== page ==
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How to Improve Tax Collection

A man arrives at an H&R Block tax center in New York April 15, 2014. April 15 is the deadline for Americans to file their taxes with the IRS.

Everyone shudders at the prospect of being audited by the IRS. But audits are an integral part of making sure that everyone pays their fair share of taxes. Thus recent reports that IRS auditing is slowing down in the face of budget cuts are cause for concern. With an estimated tax gap of $450 billion, tax enforcement should concern deficit hawks, big spenders, and all Americans who honestly report their income.  A lower audit rate harms the IRS’s ability to collect revenues.  Frankly, instead of fearing audits, the vast majority of Americans who try hard to pay their taxes accurately should embrace auditing and demand the IRS do more of it!

Trends in IRS Auditing

By most metrics, IRS auditing has dropped off in recent years. A simple look at the number of audits shows a decline in the number of audits after a peak in 2010. However, a count of audits does not tell a complete story.

Chart 1 shows the IRS enforcement coverage rate. Specifically, this rate measures the number of audits relative to the number of returns filed. In some sense, it is a per capita measure of IRS enforcement activity. It, too, shows a decline in the rate of auditing. In fact, since a peak in 2011, auditing has dropped from 1.11% to 0.96% (a 13% decrease in the audit rate).

Why the Decline in Auditing?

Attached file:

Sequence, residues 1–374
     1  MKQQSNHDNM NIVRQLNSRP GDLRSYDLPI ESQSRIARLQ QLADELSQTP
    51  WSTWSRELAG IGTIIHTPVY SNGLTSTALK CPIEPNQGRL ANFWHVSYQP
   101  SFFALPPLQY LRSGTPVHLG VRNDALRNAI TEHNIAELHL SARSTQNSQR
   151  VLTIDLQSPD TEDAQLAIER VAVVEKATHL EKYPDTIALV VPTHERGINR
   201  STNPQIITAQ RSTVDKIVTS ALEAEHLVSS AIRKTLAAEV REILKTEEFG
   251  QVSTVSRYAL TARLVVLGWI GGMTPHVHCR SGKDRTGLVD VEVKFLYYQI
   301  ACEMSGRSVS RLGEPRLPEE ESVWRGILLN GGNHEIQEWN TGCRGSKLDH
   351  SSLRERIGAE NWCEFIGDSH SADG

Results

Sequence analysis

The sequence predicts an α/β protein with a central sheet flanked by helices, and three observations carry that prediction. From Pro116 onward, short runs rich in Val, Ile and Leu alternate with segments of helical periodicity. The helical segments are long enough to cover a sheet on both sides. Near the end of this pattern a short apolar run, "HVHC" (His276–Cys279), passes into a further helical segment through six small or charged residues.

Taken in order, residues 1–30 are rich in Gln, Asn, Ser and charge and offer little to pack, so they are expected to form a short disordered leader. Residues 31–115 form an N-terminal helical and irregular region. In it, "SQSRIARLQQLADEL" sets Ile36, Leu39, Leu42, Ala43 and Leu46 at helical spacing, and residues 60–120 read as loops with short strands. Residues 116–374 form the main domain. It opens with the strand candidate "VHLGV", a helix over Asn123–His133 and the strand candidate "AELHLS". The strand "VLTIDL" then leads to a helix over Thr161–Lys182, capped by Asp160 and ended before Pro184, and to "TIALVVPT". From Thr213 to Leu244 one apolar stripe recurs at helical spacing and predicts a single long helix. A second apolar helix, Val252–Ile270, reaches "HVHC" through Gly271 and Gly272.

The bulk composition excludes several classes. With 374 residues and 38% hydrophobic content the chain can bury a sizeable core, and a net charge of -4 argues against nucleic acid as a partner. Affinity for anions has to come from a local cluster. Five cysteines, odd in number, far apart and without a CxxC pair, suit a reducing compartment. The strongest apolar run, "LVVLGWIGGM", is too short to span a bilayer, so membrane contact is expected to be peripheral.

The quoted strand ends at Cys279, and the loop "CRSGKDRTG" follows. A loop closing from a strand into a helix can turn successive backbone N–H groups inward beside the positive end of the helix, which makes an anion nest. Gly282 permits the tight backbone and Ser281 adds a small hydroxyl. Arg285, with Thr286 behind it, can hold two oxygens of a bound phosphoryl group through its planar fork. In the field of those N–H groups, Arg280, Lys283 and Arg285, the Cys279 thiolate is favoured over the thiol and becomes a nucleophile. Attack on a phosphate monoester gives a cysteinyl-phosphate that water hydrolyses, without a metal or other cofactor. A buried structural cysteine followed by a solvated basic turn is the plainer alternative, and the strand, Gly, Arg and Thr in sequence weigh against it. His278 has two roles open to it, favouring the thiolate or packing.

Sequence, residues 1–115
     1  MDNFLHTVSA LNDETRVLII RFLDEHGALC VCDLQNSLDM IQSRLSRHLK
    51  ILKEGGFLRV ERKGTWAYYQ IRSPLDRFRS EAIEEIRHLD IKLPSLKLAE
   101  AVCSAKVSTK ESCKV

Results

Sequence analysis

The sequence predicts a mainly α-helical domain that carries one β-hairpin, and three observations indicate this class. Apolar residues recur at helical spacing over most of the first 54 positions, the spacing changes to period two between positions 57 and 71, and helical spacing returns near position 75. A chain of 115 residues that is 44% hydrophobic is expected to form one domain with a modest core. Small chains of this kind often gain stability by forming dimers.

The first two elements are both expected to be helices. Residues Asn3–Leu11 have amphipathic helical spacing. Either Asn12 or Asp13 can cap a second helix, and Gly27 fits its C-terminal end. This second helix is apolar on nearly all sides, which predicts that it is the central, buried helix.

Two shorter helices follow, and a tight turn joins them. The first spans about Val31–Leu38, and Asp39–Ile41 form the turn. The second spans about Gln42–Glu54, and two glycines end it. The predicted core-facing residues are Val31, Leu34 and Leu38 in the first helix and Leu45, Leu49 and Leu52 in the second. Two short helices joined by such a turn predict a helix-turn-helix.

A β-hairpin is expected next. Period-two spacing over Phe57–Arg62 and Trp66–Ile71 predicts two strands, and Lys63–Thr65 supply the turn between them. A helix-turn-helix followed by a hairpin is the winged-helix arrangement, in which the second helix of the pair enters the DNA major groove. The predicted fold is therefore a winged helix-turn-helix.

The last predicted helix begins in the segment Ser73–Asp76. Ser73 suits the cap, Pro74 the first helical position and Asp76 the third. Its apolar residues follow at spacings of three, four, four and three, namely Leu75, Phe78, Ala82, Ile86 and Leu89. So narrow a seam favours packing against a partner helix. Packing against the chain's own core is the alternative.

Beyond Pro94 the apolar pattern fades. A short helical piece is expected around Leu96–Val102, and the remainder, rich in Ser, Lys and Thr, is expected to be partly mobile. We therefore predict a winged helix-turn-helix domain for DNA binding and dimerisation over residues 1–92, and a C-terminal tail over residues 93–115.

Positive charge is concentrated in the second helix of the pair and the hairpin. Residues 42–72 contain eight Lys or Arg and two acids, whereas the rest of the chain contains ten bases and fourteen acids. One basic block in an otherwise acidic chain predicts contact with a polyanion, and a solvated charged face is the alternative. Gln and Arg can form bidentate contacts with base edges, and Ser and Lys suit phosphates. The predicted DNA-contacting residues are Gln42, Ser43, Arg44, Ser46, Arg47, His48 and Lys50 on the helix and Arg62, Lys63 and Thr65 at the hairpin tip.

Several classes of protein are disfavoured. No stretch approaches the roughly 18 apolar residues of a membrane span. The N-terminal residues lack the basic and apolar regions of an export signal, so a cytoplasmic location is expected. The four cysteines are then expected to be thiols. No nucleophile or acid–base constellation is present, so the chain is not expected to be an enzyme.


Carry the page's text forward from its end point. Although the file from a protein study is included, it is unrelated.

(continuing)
It should come as no surprise that auditing has declined in the IRS. The agency—like many others—has faced budget cuts and targeted staff reductions over the past several years. Chart 2 shows IRS funding by year. The congressional appropriation increased until FY2010. Starting in FY2011, IRS funding began to decline. Between FY 2010 and FY2013, the agency's budget was reduced by about 8%.

However, those reductions were not always spread evenly across the agency. In many cases, those reductions hit specific activities harder than others. Recently, IRS Commissioner John Koskinen explained that because of the structure of IRS programming, recent budget cuts were targeted towards technology, customer service, and enforcement.

Chart 3 shows the Commissioner’s words in action. As budget cuts began after FY2010, the number of key enforcement personnel declined. From a high of 22,710, IRS slashed its enforcement personnel to 19,531 in FY2013—a 14% reduction. These officials serve at the front lines of stopping tax evasion and tax fraud and work to ensure the federal government receives the tax revenue it is due. It is this group that has been hit hardest by budget cuts and helps explain why there have been a reduction in both number and rate of audits.

The Consequences of Reducing IRS Enforcement

Overall, reducing IRS enforcement comes at a cost, as we have noted on FixGov blog previously. In general, reducing the staff and resources for IRS enforcement can cause upward pressure on the deficit, as it reduces the ability for the government to collect tax revenue. In fact, the number of key IRS enforcement personnel and the level of revenue collected through audits correlates at about 56%.